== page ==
When the Romans arrived in Britain in AD43 they looked for a place to found a settlement along the Thames. A patch of high ground to the north, between two rivers, was the ideal spot - and so the city of Londinium was founded. Those rivers were the Fleet and Walbrook, two sources of drinking water.
Today you can still follow the courses of those lost rivers: the Fleet flows into the Thames at Blackfriars, while the Walbrook begins around Finsbury Circus and ends up going down Dowgate, by Cannon Street.The Walbrook may originally have acted as a sort of boundary. Whatever its purpose was, this waterlogged valley has preserved some remarkable finds unearthed by archaeologists from the Museum of London. Recently some went on show at the Museum. Digs took place at Copthall Court and Angel Court, to the east of Moorgate, as well as the National Safe Deposit Company and Bucklersbury House, close to the Mansion House.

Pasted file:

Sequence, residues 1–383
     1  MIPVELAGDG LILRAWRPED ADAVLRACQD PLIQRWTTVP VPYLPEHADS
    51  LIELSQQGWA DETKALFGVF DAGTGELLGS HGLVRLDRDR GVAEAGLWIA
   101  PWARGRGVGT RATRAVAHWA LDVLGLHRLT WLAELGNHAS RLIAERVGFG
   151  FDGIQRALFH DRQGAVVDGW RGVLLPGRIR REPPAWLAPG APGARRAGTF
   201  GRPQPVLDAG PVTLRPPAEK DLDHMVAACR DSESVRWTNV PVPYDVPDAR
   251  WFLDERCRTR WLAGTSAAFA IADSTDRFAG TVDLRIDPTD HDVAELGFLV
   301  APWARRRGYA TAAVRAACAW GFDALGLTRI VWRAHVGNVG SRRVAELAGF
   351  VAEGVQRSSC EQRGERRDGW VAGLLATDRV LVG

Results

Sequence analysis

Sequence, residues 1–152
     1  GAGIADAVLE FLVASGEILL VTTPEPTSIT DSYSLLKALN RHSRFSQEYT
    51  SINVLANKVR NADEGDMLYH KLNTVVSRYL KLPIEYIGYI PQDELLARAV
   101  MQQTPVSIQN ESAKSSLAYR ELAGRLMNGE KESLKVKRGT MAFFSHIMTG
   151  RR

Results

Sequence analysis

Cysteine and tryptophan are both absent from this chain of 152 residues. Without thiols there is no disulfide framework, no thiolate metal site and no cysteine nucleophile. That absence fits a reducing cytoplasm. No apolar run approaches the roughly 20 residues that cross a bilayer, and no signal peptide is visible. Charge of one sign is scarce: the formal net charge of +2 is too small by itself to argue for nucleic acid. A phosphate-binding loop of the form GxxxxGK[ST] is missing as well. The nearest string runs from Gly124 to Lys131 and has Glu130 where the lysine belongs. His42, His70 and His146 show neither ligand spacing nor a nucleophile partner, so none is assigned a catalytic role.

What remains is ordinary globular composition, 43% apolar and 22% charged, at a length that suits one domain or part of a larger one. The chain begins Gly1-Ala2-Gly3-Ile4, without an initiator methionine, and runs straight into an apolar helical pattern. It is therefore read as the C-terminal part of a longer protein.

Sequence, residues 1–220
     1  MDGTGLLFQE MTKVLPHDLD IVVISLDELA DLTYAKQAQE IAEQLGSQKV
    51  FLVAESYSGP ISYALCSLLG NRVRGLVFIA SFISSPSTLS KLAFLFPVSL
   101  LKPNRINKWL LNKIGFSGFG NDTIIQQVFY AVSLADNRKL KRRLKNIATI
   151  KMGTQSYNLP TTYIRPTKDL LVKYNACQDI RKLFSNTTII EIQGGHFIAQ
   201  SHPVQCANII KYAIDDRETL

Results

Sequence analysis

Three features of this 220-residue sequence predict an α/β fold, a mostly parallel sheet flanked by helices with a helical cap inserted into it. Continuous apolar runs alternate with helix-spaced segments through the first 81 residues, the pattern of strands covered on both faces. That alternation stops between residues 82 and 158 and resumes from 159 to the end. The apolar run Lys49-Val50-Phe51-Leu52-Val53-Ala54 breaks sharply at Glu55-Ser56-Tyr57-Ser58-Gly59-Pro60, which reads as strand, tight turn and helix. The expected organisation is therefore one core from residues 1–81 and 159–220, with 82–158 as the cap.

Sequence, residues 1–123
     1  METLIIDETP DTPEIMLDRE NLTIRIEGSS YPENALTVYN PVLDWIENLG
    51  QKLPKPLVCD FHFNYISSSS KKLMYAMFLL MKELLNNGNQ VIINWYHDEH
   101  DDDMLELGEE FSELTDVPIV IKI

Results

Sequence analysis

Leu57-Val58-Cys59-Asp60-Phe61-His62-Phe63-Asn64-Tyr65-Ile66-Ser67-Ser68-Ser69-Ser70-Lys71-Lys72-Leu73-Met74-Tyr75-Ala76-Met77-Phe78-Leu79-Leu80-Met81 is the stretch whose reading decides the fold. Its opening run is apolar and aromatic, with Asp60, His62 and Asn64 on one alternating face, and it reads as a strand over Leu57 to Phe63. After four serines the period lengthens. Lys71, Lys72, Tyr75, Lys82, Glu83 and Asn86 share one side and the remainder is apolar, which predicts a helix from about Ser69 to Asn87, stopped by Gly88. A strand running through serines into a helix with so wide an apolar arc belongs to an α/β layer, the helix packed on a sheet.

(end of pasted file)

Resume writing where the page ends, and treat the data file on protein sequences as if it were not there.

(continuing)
Among the artefacts they found were some Roman tools, including a bradawl and stamp, the latter with the mark ‘MPBR’, which stands for M(ETALLA) P(ROVINCIAE) BR(ITANNIAE). Items with a stamp are quite common, but the tool used to make such market are rare. Other implements were also marked with the owner’s name; Agathangelus operated throughout Gaul for some 50 years in the 1st century AD. Some tools also indicated the various skills and occupations of these early citizens, such as a coopers’ croze, used for making the groove in which the barrelhead was inserted. Excavations at the new Bloomberg building, situated on the Walbrook, have also yielded some amazing finds, including the first known reference to London.